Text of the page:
Making writing a habit

Having a passion in life helps you resist the urge to waste time. Writing is my passion but it took me years to develop it into a habit.

pencilWhat I learned along the way was that for me to write a novel, I had to treat writing like it was a job. It took time, intent, commitment, focus, and prioritization to turn an idea for a historic story into a book.

Here are my big take-aways that can be applied to any new habit.

1. Show up and do the work. Writing isn’t always easy, but do it even if the ideas stick to your fingers and the words flow like mud, not water! Write. Write more. Write until you’re done.

2. Plan in time every day – even if it’s just a half hour. As with any new habit, writing at the same time every day is a help because you have the same cue every day. For me, this was “Get up. Have breakfast. Write for two hours.” Then the rest of my day happened.

3. Treat your writing time as sacred – with no excuses to cancel, no phone calls, and no email interruptions. Make sure others who need to reach you know that this is your writing time and that you can’t be interrupted. I will add that when I was in the thick of writing a novel, I often scanned email before writing to make sure I was on top of client issues, but I made it a practice to not read all of my emails – just the vital ones until I had finished my writing for the morning. Checking in briefly on email set my mind at ease, and helped me focus for my two hours of writing.

4. Work out a plan for how much you are going to write, and track your results. Getting thoughts and ideas onto a page is fun AND seeing how much you’ve gotten done is a whole different reward. Tracking results helps form any new habit.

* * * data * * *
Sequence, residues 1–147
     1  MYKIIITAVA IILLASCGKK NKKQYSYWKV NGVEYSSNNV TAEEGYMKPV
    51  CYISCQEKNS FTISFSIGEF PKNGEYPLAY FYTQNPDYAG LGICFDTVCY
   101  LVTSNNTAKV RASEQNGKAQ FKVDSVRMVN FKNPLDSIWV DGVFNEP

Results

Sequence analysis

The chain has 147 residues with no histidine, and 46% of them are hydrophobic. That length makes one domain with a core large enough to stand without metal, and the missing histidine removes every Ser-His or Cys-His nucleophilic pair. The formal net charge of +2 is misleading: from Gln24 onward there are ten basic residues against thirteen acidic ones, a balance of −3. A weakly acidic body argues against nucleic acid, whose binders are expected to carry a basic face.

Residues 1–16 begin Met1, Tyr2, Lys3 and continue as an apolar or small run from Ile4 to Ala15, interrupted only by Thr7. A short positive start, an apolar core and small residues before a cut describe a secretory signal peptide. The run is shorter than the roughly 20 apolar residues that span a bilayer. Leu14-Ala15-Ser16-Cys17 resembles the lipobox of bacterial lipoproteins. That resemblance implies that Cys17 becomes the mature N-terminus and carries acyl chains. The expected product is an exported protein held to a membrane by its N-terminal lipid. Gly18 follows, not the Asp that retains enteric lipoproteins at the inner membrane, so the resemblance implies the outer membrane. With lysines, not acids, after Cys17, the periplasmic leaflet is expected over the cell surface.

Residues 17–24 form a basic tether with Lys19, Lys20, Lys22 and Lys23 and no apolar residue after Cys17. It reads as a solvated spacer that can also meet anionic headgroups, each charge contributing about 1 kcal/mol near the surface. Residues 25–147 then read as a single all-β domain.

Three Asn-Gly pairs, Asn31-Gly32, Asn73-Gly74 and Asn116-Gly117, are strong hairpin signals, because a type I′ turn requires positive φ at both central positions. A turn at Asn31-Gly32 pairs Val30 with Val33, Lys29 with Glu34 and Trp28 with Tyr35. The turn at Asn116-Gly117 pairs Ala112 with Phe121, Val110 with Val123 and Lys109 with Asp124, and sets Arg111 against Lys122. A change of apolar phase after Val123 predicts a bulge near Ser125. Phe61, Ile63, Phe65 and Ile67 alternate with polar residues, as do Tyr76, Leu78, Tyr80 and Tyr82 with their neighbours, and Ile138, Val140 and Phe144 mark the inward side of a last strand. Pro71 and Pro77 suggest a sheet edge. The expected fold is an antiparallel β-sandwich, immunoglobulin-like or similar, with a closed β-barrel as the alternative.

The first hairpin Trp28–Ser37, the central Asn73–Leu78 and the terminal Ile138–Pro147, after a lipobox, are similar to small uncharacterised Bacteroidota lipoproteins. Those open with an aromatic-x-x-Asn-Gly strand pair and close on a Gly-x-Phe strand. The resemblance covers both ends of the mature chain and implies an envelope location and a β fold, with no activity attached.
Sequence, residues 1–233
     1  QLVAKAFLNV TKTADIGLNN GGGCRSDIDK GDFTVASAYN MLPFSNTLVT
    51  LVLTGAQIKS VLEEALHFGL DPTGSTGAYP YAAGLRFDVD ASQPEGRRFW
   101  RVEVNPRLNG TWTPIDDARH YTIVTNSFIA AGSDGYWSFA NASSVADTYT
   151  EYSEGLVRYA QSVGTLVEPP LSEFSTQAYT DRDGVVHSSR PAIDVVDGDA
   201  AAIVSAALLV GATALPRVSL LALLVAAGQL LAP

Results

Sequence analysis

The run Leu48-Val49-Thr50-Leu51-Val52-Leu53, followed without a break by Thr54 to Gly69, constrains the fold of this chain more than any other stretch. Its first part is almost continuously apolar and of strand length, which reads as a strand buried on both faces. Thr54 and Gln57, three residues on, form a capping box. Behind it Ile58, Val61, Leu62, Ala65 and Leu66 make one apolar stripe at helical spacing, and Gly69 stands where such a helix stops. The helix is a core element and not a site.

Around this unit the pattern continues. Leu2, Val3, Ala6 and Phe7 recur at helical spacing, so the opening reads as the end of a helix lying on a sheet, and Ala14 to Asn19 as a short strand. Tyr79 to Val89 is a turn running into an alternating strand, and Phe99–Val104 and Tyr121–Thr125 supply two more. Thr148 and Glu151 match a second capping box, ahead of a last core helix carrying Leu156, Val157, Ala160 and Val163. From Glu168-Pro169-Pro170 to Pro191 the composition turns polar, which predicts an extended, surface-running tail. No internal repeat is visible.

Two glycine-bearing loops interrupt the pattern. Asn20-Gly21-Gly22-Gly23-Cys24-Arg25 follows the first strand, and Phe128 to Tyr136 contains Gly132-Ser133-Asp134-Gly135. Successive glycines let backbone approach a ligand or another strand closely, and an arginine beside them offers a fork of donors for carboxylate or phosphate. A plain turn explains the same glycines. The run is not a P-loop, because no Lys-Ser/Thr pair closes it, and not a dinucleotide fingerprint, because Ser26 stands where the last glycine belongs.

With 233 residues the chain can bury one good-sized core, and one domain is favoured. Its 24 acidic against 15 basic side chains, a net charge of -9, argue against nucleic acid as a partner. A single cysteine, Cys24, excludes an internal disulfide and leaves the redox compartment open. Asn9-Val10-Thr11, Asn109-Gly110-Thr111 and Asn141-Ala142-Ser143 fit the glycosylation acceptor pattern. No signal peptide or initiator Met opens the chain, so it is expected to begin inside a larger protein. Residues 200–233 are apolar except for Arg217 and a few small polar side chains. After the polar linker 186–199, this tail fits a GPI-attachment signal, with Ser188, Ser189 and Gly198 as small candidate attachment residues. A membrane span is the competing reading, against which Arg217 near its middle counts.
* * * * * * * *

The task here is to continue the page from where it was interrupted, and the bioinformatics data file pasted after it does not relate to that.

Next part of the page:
5. Write without editing. Your first pass at writing should be to get down the bare bones. When you have the story written, go through and edit to get the story in working order. Then do a last pass to make the writing wonderful. If you try to write, edit, and make the writing wonderful in the first pass you won’t get far.

This applies to anything new that you’re trying. You aren’t going to be perfect at what you attempt. But just do it. Track it. And do it some more.

Here’s one last writing tip from author and publisher Sean Platt about finding an outside editor for your work. First: don’t skip this step. Then: pay 10 or 20 different editors at Fivrr, Upword, or Elance to edit 2000 words at $5 a page. Decide which one you like best, choose one who is most in line with your vision, and then pay them a better rate to edit the rest of your work.

Whatever passion you decide to chase, whatever habit you try to form, remember that intent, focus, and commitment will help clear your mind –  and that helps clear your schedule. Then take the time to do the work.

Happy writing!

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More crazy wooden carved art from Dan Falt

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